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Conformational Preferences of Short Peptide Fragments.

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Angewandte
Chemie
DOI: 10.1002/ange.200903563
Peptide Folding
Conformational Preferences of Short Peptide Fragments**
Yoshiyuki Hatakeyama, Tomohisa Sawada, Masaki Kawano, and Makoto Fujita*
In contrast to the numerous studies on peptide folding in
protein structures,[1] the folding of short peptide fragments is
seldom discussed as they normally adopt random-coil conformations in water. When biologically active small peptides
are bound to proteins, specific folded conformations are
expected. Therefore, examining the latent folding propensity
of short peptides[2] is important for understanding how they
interact with proteins.[3] When peptide fragments are protected from water in aprotic environments, hydrogen bonding
between amide groups is effectively induced and equilibrium
should favor a folded structure. To study the latent propensity
of short peptides to adopt folded conformations, alanine-rich
tri- to hexapeptides 2–5 were placed in the cavity of selfassembled host 1 (Scheme 1).[4] We found that these peptide
fragments adopted specific helical conformations within the
protected cavity. In all cases, hybrid b-turn (310)[5]/a-helix (413)
conformations were found instead of pure a-helix conformations.[6, 7] Thus, we propose that in the absence of solvent
interference, short peptide fragments—effective protein termini mimics—adopt mixed 310/413 conformations.
The porphyrin-prism host 1 self-assembles from zinc(II)
tetrakis(3-pyridyl)porphyrin and [Pd(chxn)(NO3)2] (chxn =
(S,S)-1,2-diaminocyclohexane) in aqueous solvents.[8] Host 1
has a large hydrophobic cavity suitable for accommodating
short peptide fragments in water. The enclathration of
peptides 2–5 was accomplished by simply mixing 1
(2.0 mmol) and the desired peptide (2.0–4.0 mmol) in D2O
(2.0 mL) at 70 8C for 3 h. NMR spectroscopic analysis clearly
showed the formation of inclusion complexes 1·G (G = 2–5)
in 70–80 % yields.
In all cases, single crystals suitable for crystallographic
analysis were obtained by slow evaporation. The chiral PdII
end cap ((S,S)-1,2-diaminocyclohexane) forces the inclusion
complex to crystallize in a chiral space group, thus avoiding
false symmetry issues and simplifying the crystallographic
analysis of the entrapped chiral guests.[9] Short flexible
peptides 2–5 should be conformationally free within the
[*] Y. Hatakeyama, T. Sawada, Dr. M. Kawano,[+] Prof. Dr. M. Fujita
Department of Applied Chemistry, School of Engineering
The University of Tokyo
Hongo, Bunkyo-ku, Tokyo 113-8656 (Japan)
Fax: (+ 81) 3-5841-7257
E-mail: mfujita@appchem.t.u-tokyo.ac.jp
[+] Present address: Department of Chemistry, POSTECH
San 31 Hyojadong, Pohang 790-784 (South Korea)
[**] This research was supported by the CREST project of JST, for which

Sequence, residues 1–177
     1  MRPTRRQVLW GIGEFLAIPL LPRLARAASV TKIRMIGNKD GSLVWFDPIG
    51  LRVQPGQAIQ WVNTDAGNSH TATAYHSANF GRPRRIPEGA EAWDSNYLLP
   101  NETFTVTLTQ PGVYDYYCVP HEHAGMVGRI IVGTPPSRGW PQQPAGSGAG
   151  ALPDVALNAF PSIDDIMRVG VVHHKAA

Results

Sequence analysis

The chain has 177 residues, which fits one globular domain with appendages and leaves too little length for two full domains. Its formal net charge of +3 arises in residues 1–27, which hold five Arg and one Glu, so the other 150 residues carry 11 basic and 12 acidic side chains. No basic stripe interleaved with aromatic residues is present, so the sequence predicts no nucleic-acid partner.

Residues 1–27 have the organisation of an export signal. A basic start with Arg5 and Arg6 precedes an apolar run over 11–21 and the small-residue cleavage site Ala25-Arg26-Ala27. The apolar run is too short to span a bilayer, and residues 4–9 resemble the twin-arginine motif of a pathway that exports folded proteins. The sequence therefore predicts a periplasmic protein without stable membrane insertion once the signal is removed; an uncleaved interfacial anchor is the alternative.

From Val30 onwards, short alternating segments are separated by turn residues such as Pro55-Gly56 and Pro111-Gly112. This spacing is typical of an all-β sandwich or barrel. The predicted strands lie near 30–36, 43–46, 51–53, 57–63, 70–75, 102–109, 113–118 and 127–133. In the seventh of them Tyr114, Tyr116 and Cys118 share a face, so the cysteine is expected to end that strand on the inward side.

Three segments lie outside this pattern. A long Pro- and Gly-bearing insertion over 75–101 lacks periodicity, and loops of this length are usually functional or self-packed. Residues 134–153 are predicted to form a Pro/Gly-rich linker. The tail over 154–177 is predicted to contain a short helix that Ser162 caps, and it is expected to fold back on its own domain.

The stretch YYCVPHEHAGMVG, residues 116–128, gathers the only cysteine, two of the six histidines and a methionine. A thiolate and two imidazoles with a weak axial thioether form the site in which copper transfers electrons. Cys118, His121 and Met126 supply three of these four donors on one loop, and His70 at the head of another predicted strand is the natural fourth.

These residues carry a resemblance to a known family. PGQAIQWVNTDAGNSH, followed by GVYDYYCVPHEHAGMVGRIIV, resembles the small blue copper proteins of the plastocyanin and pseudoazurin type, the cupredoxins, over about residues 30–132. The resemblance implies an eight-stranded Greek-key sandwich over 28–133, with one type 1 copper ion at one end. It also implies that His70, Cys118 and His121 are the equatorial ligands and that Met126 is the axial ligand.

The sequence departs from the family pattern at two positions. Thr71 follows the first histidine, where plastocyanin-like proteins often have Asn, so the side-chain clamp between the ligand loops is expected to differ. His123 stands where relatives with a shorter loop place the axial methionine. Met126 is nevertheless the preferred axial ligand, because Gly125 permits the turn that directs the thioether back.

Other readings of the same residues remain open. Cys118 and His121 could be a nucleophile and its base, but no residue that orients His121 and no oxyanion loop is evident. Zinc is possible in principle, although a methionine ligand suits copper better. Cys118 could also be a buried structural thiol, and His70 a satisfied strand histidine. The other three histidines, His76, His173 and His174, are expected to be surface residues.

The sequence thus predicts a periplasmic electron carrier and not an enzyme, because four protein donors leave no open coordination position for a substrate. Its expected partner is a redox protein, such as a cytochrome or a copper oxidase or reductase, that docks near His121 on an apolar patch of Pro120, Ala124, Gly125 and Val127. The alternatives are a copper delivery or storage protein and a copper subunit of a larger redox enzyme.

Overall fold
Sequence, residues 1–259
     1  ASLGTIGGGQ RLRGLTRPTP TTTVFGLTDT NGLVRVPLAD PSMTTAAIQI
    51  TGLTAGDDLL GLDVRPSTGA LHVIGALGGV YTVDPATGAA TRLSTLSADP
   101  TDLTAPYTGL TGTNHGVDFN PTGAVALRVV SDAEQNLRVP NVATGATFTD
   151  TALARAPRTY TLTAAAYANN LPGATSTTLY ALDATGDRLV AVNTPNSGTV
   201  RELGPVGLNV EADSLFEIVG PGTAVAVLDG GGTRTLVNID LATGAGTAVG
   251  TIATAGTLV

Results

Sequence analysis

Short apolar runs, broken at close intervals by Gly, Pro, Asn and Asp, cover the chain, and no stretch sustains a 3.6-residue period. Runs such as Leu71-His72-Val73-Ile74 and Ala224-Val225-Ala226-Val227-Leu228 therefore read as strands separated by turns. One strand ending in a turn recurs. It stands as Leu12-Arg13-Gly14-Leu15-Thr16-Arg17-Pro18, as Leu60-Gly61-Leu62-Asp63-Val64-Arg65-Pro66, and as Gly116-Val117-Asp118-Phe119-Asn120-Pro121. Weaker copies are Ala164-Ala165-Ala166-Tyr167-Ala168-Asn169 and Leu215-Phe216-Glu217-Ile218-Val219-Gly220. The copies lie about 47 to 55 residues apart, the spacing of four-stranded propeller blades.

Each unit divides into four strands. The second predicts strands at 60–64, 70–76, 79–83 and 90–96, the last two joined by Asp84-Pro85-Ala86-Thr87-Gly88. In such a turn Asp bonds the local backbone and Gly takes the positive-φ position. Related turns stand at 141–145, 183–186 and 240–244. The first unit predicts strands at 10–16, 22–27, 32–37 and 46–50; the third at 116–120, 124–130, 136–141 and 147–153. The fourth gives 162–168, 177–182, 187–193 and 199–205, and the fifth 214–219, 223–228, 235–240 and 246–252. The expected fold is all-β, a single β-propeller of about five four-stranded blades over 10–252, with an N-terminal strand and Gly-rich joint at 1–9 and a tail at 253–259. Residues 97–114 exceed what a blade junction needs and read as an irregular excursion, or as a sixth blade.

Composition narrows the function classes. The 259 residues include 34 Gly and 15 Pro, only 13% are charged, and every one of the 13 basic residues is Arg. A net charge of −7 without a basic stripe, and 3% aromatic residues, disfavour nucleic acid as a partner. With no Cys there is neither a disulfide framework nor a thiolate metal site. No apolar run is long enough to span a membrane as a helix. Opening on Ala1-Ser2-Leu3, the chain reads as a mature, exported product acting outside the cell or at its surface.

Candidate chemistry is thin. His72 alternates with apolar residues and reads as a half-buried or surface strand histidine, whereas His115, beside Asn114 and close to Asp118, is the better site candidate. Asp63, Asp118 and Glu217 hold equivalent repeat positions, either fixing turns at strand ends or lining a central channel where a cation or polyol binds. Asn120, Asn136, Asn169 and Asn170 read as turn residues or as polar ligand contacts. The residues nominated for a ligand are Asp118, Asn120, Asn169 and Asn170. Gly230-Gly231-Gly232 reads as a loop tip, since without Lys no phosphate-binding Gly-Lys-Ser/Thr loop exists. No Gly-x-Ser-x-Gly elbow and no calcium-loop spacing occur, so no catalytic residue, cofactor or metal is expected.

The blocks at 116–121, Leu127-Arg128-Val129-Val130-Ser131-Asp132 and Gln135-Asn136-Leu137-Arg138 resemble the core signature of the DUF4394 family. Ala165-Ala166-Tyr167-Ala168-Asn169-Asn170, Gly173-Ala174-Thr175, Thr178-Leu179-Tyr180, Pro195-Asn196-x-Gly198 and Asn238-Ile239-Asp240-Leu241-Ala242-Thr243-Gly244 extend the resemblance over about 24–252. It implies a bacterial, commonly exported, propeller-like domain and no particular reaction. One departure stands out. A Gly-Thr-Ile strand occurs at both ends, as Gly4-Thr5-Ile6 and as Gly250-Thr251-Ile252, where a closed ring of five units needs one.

M.F. is the principal investigator, and also in part by the Global COE
Program (Chemistry Innovation through Cooperation of Science
and Engineering), MEXT (Japan). This work was approved by KEK
and SPring-8 (No. 20086G052 and 2007B2004, respectively).
Supporting information for this article is available on the WWW
under http://dx.doi.org/10.1002/anie.200903563.
Angew. Chem. 2009, 121, 8851 –8854
Scheme 1.
cavity of 1, but significant guest disorder was not observed in
the crystalline state. All of the atoms of the guest molecules
were directly modeled from the electron-density maps and
successfully refined, this possibility is indicative of static
peptide conformations within the host crystal. Unlike standard X-ray crystallography of proteins, cage 1 ensured high
data quality and facilitated a detailed discussion of the
conformations of the peptide fragments.
Previously, a related inclusion complex of 2 with a host in
which the end-capping group on the PdII center was ethylenediamine (21’) was examined. In this case, the 310-helix
conformation of 2 in the cavity of 1’ was elucidated by NMRconstrained molecular-dynamics simulation.[4d] The new crystal structure of 21 also displayed the same 310-helix
conformation and was consistent with the previous NMRdetermined structure of 21’. In both structures, the carbonyl
group of the N-terminal acetyl moiety (i) and the amide
nitrogen atom of alanine (i + 3) are hydrogen bonded and
form the same 10-membered pseudocyclic 310-helix (or bturn) structure (Figure 1 b). The hydrogen-bonding distances
determined from the crystal and NMR structure analysis are
quite similar (3.1 and 3.4 respectively), and thus we believe
that the solid and solution-state structures of peptides 3–5 in
the cavity should also be similar.[10]
Tetrapeptide 3 is extended by one additional Gly unit at
the N terminus. However, despite the small steric demand of
2009 Wiley-VCH Verlag GmbH & Co. KGaA, Weinheim
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Zuschriften
Figure 1. Structure of 2 in the cavity of 1. a) Crystal structure of 21.
b) The 310-helix conformation of encapsulated 2 in the X-ray (left) and
the NMR-determined (right) structures.
the Gly unit, the 310-helix conformation was no longer
exclusive and an a-helix conformation appeared. In the
crystal structure of inclusion complex 31, the carbonyl group
of the N-terminal acetyl moiety (i) is hydrogen bonded
(2.8 ) to the amide nitrogen atom of alanine (i + 4) and
forms a 13-membered pseudocyclic 413-helix (a-helix) structure (Figure 2). Interestingly, the C-terminal amide is also
hydrogen bonded (2.9 ) to the carbonyl group of Ala1,
rather than Gly, and a secondary 310-helix structure is evident.
Thus, the conformation of tetrapeptide 3 is best described as a
hybrid of 310 and 413 helices.